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Morrell Wine: Taste You Can TrustMorrell is a kickin’ family-run shop out of NYC that sells wines and spirits from pretty much everywhere. They’ve been in business for 59+ years and perform their own tasting and evaluating before selling to you.

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How To Taste Like a Wine Geek: The 1WineDude Tasting Guide is a practical & fun approach to tasting & enjoying the world’s greatest beverage! The tasting guide is written just like the 1WineDude.com blog – accessibly and without snobbishness. It’s available in both Printed & eBook formats.

DeLongWine.com offers two great products to help you learn more about wine: a Grape Varietal Table that shows wine grapes in a visually related way, and a nifty Wine Tasting Notebook that helps you to keep track of your wine adventures.

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We’ve got all manner of schwag available, like t-shirts, hoodies, caps, mugs, coasters, mouse pads, baby onesies – basically anything but wine. Dude’s printed Wine Tasting Guide is also available at the shop.


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Didn’t find what you were looking for? Try these wine-related offers on for size:

Hope this helps! Cheers!

In the News: How Young Buyers are Impacting Winemaking

Vinted on March 2, 2008 binned in wine buying, wine news, winemaking

(image: darlingofourage.files.wordpress.com)

This is not your fathers wine buying.

There is a great little article posted today in SunJournal.com about how the tastes of a small, but extremely influential group of people are impacting the wine trade.

And they’re NOT talking about the Robert Parkers of the world, whose tendency to enjoy big, alcohol-laden fruit bombs have influenced wineries the world over to produce ‘bomb’-astic wines at all costs in order to chase the high-end of the big wine magazines’ point rating systems.

These are 20-something sommeliers and wine directors that work for some of the most well-respected and expensive restaurants in the United States.

And the wines that they’re looking for? “Wines that are quirky, regional, with rich background stories…” Wow – definitely NOT your father’s fruit bomb style of wine!…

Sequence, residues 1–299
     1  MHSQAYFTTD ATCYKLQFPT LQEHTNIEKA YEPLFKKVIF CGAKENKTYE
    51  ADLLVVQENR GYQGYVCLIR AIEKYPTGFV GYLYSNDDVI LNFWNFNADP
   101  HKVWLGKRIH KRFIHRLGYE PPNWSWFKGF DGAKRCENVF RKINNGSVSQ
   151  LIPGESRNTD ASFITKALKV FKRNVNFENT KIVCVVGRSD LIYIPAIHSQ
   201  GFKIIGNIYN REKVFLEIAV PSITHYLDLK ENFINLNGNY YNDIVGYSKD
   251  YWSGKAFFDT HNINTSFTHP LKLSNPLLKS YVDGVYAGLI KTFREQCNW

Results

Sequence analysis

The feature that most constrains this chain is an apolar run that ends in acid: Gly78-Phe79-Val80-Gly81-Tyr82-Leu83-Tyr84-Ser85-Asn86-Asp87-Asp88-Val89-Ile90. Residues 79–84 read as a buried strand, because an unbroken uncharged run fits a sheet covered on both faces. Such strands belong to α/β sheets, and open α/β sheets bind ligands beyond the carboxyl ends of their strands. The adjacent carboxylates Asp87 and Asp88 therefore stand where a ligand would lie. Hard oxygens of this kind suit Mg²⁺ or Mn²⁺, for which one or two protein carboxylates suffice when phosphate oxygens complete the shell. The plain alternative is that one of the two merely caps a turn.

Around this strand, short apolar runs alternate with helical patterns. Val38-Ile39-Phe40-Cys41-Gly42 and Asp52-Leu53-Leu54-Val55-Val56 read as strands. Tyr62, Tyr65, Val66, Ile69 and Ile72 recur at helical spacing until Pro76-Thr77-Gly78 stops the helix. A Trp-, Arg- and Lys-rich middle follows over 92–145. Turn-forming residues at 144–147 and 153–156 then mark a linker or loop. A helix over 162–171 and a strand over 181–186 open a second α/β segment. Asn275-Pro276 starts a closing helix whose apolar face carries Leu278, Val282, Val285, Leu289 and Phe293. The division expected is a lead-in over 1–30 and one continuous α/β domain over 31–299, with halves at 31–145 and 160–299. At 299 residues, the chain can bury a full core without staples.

“Their challenge is to find a wine that they’re as excited about as the chef is … about the flavor of his vegetables from the farmers market…”

This is very good news for “old world” style wines from Italy and Spain, which are finding increasing favor with this growing influential set of wine buyers. And it might be bad news for the fruit-bomb makers, who are seeing a growing backlash in the consumer market against these styles of wine.

Now, I’ve met some of this 20-something sommelier set, and I can tell you that 1) they do prefer regional, exciting wines that offer something unique, 2) they always seek to compliment the chef’s food as much as humanly possible, and 3) their buying habits do help to set some trends with winemakers who are seeking to get a foothold into the exclusive high-end restaurant market.

What’s also very interesting, at least to the Dude here, is how the article ends. SunJournal.com quotes industry analyst Jon Fredrikson regarding if and how this trend may impact what wines start to fly off the supermarket shelves (as opposed to what is recommended at the tables of the nation’s high-end epicureans):

“We way overestimate the knowledge of the American consumer…”

Ouch. Is this true?

Dude’s opinion: I can see a great deal of merit in this ‘don’t-call-it pessimistic-call-it-realistic’ view. The fact is that most wine consumers just want a decent wine that they will enjoy, at a fair price. You can’t force people to make the jump into serious wine appreciation if they lack the desire to do so. But then again, introducing someone to a quirky, unique wine and in the process expanding their wine knowledge is one of the small pleasures of life for the Dude. I just don’t expect everyone to be into that – if you forced your passion for, say, crocheting onto me, I would be finding an excuse to spend a little quality time away from you (like 10 or 12 years worth).

Your thoughts…? Shout `em out in the comments.

Cheers!